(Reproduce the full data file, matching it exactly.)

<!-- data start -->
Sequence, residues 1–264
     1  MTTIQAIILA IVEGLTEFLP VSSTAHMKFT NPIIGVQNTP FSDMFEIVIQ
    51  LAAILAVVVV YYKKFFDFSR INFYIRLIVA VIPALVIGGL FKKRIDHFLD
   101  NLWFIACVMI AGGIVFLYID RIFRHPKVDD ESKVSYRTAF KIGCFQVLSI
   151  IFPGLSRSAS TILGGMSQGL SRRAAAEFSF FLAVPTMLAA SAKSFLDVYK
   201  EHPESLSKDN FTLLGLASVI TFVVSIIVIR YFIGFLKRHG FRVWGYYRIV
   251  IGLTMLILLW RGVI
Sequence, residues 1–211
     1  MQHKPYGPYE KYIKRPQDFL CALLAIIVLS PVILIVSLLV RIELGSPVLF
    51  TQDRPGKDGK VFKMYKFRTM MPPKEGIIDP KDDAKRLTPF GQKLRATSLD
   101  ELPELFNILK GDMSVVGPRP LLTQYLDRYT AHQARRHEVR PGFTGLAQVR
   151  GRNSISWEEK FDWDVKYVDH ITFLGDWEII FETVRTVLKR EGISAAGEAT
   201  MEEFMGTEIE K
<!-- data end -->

Sequence, residues 1–264
     1  MTTIQAIILA IVEGLTEFLP VSSTAHMKFT NPIIGVQNTP FSDMFEIVIQ
    51  LAAILAVVVV YYKKFFDFSR INFYIRLIVA VIPALVIGGL FKKRIDHFLD
   101  NLWFIACVMI AGGIVFLYID RIFRHPKVDD ESKVSYRTAF KIGCFQVLSI
   151  IFPGLSRSAS TILGGMSQGL SRRAAAEFSF FLAVPTMLAA SAKSFLDVYK
   201  EHPESLSKDN FTLLGLASVI TFVVSIIVIR YFIGFLKRHG FRVWGYYRIV
   251  IGLTMLILLW RGVI
Sequence, residues 1–211
     1  MQHKPYGPYE KYIKRPQDFL CALLAIIVLS PVILIVSLLV RIELGSPVLF
    51  TQDRPGKDGK VFKMYKFRTM MPPKEGIIDP KDDAKRLTPF GQKLRATSLD
   101  ELPELFNILK GDMSVVGPRP LLTQYLDRYT AHQARRHEVR PGFTGLAQVR
   151  GRNSISWEEK FDWDVKYVDH ITFLGDWEII FETVRTVLKR EGISAAGEAT
   201  MEEFMGTEIE K